What Is Carpet PAR Ratings System For Carpet?
Whenever the need arise to buy a new rug or change an old carpeting a lot of factors can influence your choice. Many homeowners only consider superficial physical attributes of the rugs they intend to purchase; like how soft the carpet nap feels or how colorful it looks without considering their durability.
More so, there are literally thousands of choices of carpet out there in department stores. With so much choices, getting the right carpet for the right place in your home can be an extremely daunting process. However, carpet manufacturers have tried to make the choice for the right carpet for your home to be less stressful as possible by providing a carpet label or carpet specification sheet.
These carpet labels are carpet durability charts indicate the different specifications of the carpet so as to give a measure for the durability of the carpet and are typically found at the back of the rugs. Most carpet manufacturers provide these labels so as to streamline your choice. When you go to the department store and you notice that the label is missing, ask the salesperson for the carpet specification sheet.
Carpet labels contains different carpet specifications and these specifications are more often times vague to homeowners looking to get a carpet.
Carpet Durability Chart
Some of the carpet specifications of the carpet durability chart you will find on the carpet label are:
- Face weight
- Type of Fiber
- Pile height
- Stitches per inch
Of these specifications the Performance, Appearance, Retention (PAR) ratings is one of the most misunderstood specifications in carpets.
So what is carpet PAR ratings?
The Performance, Appearance, Retention ratings, sometimes called wear rating, of a carpet is a scale that rates how well a carpet will perform, that is it’s wearability over time when exposed to varying foot traffic wherever it is installed, and this scale is usually in a range of 1-5.
This PAR carpet rating system was popularized by well known carpet manufacturers like Mohawk and Shaw Carpets and has become a confusing and sometimes controversial carpet specification to homeowners and individual carpet buyers. What this specification implies is that when a carpet is to be installed in an area where you expect foot traffic to be high like the living room, it will be best to pick a carpet with a relatively higher carpet PAR ratings.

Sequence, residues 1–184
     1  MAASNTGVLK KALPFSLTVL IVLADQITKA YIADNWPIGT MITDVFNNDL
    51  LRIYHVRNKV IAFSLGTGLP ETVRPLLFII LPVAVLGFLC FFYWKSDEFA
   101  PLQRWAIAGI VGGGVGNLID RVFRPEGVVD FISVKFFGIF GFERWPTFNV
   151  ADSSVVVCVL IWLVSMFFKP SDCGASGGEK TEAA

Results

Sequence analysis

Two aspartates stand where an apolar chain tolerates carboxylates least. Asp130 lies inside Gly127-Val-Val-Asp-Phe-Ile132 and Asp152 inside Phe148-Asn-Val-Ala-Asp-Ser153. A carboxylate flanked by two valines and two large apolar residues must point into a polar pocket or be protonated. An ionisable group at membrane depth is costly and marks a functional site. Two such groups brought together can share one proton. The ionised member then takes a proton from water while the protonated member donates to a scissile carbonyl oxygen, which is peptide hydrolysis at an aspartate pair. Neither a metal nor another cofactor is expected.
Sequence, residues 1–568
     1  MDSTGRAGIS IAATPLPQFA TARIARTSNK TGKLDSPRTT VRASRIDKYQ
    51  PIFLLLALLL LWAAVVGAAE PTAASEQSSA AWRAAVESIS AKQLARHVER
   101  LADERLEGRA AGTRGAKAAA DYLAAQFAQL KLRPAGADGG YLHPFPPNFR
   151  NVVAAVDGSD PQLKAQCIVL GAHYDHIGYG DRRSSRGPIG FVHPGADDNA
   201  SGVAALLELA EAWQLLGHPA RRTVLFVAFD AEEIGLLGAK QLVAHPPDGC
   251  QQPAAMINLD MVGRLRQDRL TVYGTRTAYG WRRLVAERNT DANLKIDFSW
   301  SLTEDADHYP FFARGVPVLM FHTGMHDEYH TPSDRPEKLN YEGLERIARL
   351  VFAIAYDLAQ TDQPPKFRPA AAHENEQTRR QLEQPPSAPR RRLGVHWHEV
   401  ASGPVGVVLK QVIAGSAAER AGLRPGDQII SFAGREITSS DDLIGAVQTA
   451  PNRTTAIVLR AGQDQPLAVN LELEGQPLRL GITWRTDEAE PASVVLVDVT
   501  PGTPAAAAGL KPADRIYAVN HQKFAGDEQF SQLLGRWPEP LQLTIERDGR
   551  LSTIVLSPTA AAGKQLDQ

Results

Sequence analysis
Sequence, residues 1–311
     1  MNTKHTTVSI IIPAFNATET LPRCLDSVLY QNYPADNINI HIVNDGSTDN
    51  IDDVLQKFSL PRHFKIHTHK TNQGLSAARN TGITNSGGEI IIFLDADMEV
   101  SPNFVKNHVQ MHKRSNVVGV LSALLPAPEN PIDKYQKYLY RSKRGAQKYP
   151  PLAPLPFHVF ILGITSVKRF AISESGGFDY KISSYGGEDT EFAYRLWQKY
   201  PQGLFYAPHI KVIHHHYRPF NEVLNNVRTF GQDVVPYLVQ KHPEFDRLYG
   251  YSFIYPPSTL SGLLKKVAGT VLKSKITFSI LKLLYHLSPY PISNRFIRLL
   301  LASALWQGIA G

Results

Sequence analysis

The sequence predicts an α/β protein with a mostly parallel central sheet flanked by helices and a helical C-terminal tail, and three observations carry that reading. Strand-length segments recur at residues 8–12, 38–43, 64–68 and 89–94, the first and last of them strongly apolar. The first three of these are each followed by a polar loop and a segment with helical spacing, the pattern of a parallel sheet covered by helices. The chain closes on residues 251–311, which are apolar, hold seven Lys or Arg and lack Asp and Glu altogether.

Similarly, if less traffic is expected where you want to install the carpet the appropriate PAR rating for the carpet is chosen accordingly. In addition, a carpet par rating of 3.0-3.5 is considered average and as a result the nap of such carpet is expected to wear moderately while a carpet with rating of 1.5-2.5 (low rating) will wear down faster when exposed to the same a mount of foot traffic.
Similarly, a carpet with 4.0-5.0 (generally considered high carpet rating) will not wear down easily. For this reason, the area you intend to install a carpet can influence the carpet you choose and, indirectly so, the PAR rating. For example, the bedroom will be subject to much lower levels of foot traffic than the living room or the children’s playroom. While you may need a carpet with a very high rating for the living room a carpet with a moderate rating may suffice for the bedroom.
How Do Carpet Manufacturers Obtain These Carpet PAR Rating system?
The durability of carpet in terms of wear is an important factor to consider and can make a huge difference when installed in high foot traffic areas of the home. In order for carpet manufacturers to obtain the appropriate PAR rating scale, the carpets are put through strenuous laboratory wear tests. These tests involve machine simulation of foot traffic that tries to gauge the carpet’s durability over time and as a result can make a difference in predicting the wear and tear of the carpet in different trafficked areas of your home.
This laboratory test known as Wear and Tear simulation on ASTM D5417, Vettermann Drum test, simulate the impact of 3-5 years of home use on carpets to gauge a good durability performance rating and a poor durability performance rating.
Can Carpet PAR Rating System Be Trusted?
Carpet manufacturers have done many laboratory testing and real-life research on both wear & tear in order to calibrate the appropriate scale rating for the carpet. In as much as these ratings give an indication of durability, in my opinion, you should not solely rely on them as the durability of carpeting is not only dependent on PAR ratings. As such, you should consider in addition to PAR ratings other factors like the areas where the carpet is to be installed, the number of persons in the home as well as the other carpet specifications.